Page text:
Tags » History Of Technology

The Case for Elv and Unqua: Why We Should be Counting in Dozens

Welcome to PART 3 of our ongoing series here at the slowlorisblog, 42 STEPS TO A BETTER WORLD. That time, it sure is flying. To think we’re already 1/14th done! 1,037 more words


Paper Knowledge: An Interview

Lisa Gitelman’s new book introduces readers to a way of thinking about documents as tools for creating bodily experience, and as material objects situated within hierarchies and relationships of labor. 36 more words


Observing by Hand: An Interview

In Omar Nasim’s new book, a series of fascinating characters sketch, paint, and etch their way toward a mapping of the cosmos and the human mind.  53 more words


The Press Reads: Why Mars

Our summer Friday series on the blog, The Press Reads, features short excerpts from recent JHUP books to whet your appetite and inspire timely additions to your summer reading list. 694 more words

American History

Automata of the Middle Ages

This topic is one of the interesting intersections between my medieval research and my current research into Chinese technology. Some of the earliest known automated figures are clock jacks–figures that come out and do something when a clock strikes a certain hour. 373 more words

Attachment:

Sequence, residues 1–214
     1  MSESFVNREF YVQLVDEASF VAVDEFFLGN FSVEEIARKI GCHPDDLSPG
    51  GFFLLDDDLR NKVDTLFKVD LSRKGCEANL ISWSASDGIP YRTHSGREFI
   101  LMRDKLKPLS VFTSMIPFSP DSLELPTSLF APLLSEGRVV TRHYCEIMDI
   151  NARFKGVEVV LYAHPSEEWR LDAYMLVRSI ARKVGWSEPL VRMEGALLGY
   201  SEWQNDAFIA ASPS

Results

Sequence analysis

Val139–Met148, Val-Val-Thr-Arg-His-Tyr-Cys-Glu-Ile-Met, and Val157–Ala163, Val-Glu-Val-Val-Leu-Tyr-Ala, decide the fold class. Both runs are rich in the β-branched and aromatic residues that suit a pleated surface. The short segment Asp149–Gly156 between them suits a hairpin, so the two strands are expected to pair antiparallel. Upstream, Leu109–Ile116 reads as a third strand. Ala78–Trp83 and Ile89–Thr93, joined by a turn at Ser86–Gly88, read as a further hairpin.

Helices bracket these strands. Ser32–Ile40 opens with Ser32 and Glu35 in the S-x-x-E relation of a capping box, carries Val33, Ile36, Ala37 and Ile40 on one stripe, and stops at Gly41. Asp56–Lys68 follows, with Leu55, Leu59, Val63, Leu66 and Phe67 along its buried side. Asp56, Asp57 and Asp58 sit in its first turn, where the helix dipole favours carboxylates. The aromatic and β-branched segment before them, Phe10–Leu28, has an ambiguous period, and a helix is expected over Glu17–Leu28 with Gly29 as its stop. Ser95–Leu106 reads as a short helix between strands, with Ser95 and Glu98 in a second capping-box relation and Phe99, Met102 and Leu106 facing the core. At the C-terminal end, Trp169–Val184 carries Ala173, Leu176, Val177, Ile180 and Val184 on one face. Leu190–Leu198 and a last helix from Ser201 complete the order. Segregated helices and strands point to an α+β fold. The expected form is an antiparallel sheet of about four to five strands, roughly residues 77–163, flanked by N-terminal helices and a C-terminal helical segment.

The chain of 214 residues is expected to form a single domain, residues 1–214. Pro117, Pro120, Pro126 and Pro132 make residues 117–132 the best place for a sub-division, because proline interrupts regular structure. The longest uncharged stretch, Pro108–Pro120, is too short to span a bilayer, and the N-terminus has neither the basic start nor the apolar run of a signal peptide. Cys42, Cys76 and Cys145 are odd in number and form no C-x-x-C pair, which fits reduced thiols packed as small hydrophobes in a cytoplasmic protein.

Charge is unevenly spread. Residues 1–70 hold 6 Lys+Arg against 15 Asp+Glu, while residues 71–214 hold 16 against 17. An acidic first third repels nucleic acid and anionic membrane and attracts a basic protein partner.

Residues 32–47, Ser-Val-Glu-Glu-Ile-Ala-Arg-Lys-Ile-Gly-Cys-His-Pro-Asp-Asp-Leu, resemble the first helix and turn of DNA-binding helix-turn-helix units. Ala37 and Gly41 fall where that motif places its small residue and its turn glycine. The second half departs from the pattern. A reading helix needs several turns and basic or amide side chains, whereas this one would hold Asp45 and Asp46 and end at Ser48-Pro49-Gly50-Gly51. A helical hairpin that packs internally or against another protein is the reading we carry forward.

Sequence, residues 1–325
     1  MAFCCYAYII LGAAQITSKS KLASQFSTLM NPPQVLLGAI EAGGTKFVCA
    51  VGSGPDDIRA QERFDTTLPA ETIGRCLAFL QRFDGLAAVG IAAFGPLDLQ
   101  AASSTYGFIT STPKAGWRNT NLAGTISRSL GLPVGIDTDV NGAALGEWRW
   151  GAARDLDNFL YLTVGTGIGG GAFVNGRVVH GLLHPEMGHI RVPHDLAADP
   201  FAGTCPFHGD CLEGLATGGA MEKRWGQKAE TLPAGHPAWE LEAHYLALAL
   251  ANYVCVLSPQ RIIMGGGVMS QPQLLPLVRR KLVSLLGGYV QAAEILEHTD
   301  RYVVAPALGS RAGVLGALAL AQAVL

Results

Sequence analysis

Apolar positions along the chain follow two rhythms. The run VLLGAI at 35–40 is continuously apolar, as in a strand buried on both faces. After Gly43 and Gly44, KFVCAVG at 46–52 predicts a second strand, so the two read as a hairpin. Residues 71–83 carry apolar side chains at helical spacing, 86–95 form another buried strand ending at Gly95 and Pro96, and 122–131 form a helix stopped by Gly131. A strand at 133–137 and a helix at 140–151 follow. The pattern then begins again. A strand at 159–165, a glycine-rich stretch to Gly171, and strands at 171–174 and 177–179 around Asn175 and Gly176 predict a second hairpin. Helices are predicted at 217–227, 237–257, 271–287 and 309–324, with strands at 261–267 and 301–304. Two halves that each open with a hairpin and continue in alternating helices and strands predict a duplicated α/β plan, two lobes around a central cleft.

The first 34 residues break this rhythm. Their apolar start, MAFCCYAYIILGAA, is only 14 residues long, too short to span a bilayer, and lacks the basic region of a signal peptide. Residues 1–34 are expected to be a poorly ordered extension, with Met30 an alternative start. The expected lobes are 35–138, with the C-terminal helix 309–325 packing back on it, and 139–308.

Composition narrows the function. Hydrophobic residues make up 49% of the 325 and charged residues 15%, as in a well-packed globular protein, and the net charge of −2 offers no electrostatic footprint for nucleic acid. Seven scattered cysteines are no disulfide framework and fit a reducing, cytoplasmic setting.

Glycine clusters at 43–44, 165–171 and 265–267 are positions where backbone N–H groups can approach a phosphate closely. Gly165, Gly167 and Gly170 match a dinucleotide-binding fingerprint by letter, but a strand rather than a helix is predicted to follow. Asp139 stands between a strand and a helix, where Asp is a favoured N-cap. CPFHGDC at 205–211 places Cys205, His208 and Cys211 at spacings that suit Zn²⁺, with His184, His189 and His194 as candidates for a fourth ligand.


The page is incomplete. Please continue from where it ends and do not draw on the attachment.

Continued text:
R/V WASHINGTON - First Exploratory Cruise

Charles R. (Bob) Hitz              Bob’s posting # 20                           July 14, 2014

In Crowther’s 1949 article (Posting # 19) he states “For the vast area of the waters off the continental United States, there are at present only two exploratory fishing vessels. 884 more words

Pacific Fishing History Project

"I am my own secretary; I dictate, I compose, I copy all myself"*...

In this age of the email attachment and of the “duplicate” and “save as” commands, we’ve come to take copies for granted.  But the quest for a way easily to make/keep duplicates of correspondence and records without transcribing them has a long history: most readers will be old enough to remember the days when Xerox machines– introduced in 1959**– were the duplicators of choice; and some, the era of the carbon copy.   407 more words